What to Do With Old Routers: Useful Projects & Repurposing [How-To]


Don’t throw away your old routers! Or at least consider an alternative use for it before throwing it out. While the technology may seem obsolete, you can still make good use of your old device, depending on your level of ingenuity, skill, and boredom.

Alternative Uses For Your Old Router

Install custom router firmware to extend functionality, like port forwarding

DD-WRT or OpenWRT (steeper learning curve) are two open source firmware options to renew your old router’s functionality, if your router is compatible.

Why: Use the custom firmware to set up port forwarding for a local website, configure your router as a wireless bridge for a wired device, or a repeater to extend your existing network range. Router port forwarding is used to allow remote computers to connect to a specific service or computer on a Local Area Network.

  1. Let’s say you are traveling and want to connect to your computer in your house, and the computer at home is connected to the LAN home network. One of the ways to connect to your home computer is to port forward SSH (port 22) in your home router to your computer’s IP address, and open that ssh port on your computer. Now, if you try to SSH to your public IP address you will be forwarded to your computer at your house.
  2. Suppose you want to host a website on your computer and you want everyone on the internet to be able to access your website — well then, you will want to setup port forwarding. Port forward HTTP (port 80) or HTTPS (port 443) from your router to the computer IP address (on which your website is deployed). Now anyone with your public IP address can access your website.

These are just two examples where port forwarding is utilized; you could also setup port forwarding to access a camera connected to your LAN, access the printer connected on your LAN from anywhere in the world, or host a game server on your machine and invite friends to connect with it.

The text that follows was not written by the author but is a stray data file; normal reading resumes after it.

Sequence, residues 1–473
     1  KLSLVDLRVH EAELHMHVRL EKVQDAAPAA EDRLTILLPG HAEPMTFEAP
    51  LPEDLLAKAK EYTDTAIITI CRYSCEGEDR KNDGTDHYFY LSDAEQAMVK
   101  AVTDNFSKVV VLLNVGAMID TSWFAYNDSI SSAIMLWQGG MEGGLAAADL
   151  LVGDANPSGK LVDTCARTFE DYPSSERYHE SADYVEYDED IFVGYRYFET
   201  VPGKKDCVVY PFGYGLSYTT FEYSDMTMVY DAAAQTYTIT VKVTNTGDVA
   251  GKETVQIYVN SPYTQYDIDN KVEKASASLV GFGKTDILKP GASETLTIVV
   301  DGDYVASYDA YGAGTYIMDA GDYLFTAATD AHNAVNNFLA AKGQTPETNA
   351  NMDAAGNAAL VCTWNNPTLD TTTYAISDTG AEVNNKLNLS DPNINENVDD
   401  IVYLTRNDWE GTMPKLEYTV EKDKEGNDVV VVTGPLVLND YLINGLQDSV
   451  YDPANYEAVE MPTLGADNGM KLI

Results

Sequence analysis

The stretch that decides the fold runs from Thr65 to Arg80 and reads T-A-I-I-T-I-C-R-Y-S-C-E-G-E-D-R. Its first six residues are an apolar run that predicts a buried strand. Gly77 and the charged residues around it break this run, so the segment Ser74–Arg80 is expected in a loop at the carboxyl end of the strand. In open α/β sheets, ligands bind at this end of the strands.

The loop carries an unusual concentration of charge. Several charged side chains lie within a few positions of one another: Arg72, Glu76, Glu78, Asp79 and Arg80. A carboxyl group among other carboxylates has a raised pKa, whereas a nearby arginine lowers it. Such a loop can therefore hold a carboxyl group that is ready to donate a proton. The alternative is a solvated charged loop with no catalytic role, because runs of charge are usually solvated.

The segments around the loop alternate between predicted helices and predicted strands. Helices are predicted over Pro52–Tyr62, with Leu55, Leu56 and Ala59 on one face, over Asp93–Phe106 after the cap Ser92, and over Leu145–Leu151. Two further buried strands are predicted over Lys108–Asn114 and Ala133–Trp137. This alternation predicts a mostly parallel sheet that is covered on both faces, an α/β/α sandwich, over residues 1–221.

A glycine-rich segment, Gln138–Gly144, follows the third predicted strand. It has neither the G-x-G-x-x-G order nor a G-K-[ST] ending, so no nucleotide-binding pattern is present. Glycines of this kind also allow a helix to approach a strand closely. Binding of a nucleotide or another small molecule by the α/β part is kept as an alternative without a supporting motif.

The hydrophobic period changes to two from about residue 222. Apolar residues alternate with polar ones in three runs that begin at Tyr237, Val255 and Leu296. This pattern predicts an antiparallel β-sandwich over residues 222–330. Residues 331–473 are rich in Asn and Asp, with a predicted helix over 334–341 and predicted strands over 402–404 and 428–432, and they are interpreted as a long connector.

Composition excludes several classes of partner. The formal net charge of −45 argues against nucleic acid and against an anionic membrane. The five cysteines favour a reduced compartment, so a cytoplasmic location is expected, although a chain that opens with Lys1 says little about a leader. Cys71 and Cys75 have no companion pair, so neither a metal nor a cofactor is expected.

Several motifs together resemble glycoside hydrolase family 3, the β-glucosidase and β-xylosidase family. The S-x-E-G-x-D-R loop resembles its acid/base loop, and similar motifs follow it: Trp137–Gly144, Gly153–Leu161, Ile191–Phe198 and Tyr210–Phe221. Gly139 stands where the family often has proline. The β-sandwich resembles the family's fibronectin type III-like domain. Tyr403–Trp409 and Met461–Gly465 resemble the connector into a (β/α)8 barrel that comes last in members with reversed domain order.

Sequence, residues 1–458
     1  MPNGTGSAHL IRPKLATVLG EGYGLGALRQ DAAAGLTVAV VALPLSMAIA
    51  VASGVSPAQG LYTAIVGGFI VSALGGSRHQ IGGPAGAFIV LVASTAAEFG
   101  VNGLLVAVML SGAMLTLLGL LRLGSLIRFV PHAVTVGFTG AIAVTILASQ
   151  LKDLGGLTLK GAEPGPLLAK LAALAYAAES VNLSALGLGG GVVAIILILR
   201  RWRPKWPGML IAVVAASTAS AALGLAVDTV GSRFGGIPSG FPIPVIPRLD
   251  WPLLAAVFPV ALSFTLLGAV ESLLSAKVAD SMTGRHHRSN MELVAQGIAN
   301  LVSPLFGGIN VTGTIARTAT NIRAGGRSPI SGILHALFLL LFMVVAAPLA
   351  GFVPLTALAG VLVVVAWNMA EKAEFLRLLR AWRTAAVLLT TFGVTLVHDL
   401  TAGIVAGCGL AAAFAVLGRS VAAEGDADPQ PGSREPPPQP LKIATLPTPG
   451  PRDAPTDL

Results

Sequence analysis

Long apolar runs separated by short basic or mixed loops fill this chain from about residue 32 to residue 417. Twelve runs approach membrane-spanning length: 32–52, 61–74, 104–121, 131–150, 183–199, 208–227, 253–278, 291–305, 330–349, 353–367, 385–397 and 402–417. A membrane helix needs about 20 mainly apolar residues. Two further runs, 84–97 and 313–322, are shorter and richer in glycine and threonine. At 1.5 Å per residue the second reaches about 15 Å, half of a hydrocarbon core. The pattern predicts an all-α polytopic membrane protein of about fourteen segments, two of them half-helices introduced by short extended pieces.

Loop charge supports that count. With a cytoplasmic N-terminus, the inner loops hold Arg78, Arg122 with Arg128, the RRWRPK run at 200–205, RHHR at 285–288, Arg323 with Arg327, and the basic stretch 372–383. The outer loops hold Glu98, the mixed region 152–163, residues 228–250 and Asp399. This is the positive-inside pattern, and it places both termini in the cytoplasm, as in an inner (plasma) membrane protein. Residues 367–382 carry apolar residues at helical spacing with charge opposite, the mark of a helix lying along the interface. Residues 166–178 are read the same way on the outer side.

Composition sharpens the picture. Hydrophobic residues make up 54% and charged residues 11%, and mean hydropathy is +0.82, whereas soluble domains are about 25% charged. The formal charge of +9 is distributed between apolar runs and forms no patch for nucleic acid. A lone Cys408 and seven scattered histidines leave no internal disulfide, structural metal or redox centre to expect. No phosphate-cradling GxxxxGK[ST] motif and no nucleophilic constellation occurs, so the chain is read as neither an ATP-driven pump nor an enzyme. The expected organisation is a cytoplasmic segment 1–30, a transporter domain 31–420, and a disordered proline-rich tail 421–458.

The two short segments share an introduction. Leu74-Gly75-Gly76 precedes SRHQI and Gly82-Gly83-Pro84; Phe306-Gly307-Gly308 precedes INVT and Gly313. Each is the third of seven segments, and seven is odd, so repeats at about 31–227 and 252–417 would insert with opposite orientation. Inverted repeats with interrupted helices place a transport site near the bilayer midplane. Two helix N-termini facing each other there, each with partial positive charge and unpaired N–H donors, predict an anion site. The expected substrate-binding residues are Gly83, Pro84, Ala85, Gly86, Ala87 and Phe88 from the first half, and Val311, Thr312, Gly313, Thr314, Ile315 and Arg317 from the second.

How: To forward your ports

Disable the WiFi Access Point, and use your old router as a LAN switch

Why: Configure the router as a switch, or as an Access Point in order to extend the network into a far-away room in your house. Because Ethernet connections are best: online gaming and streaming video is more reliable utilizing Ethernet than wireless.

So, Ethernet connections are more secure and faster than WiFi, but how many LAN ports does your current router boast?

  • If you run out of Ethernet ports, add more with a network switch — and if you have an old router laying around, you can use that as a switch; it’s essentially the networking version of a mains power bar, with additional ports plugged into one port on the router
  • Your old router typically has four or more ports, so connecting will instantly increase the number of ports available. (Remember to disable wireless networking on the old router, to avoid conflicts.)

How: Login to the router’s web management interface to perform the change.

1. Assign an IP address to the secondary router, which is in the same subnet with the main router.

2.Turn off the DHCP on the secondary router. After this is completed, the router will become the switch.

3. Connect the 2 routers via LAN port.

Set up a network for your IoT smart devices

Why: Internet of Things (IoT) smart devices are directly linked to your private life and habits. If you have multiple smart devices (sensors, cameras, data collectors) in your home that are connected to your router, then you have multiple opportunities for potential cyber-attacks. If cyber-attackers can get to your router, then they can get to everything connected to that router.

How: Use your old router as a standalone internal network with a separate or hidden SSID. Connect all your IoT devices to this isolated network. Similar to creating a wireless bridge, the router can be linked to your main network, and you then simply connect your IoT devices to it. If you need to, you can easily pull the plug, and the built-in router firewall can be used to configure port connections.

If your devices need the Internet to function properly or to access remotely, connect your second router to your first router as described in the video above.

For the hardcore nerds, certain routers may feature a serial port via which you can repurpose your old router to work as a home automation server.

Set up a separate guest network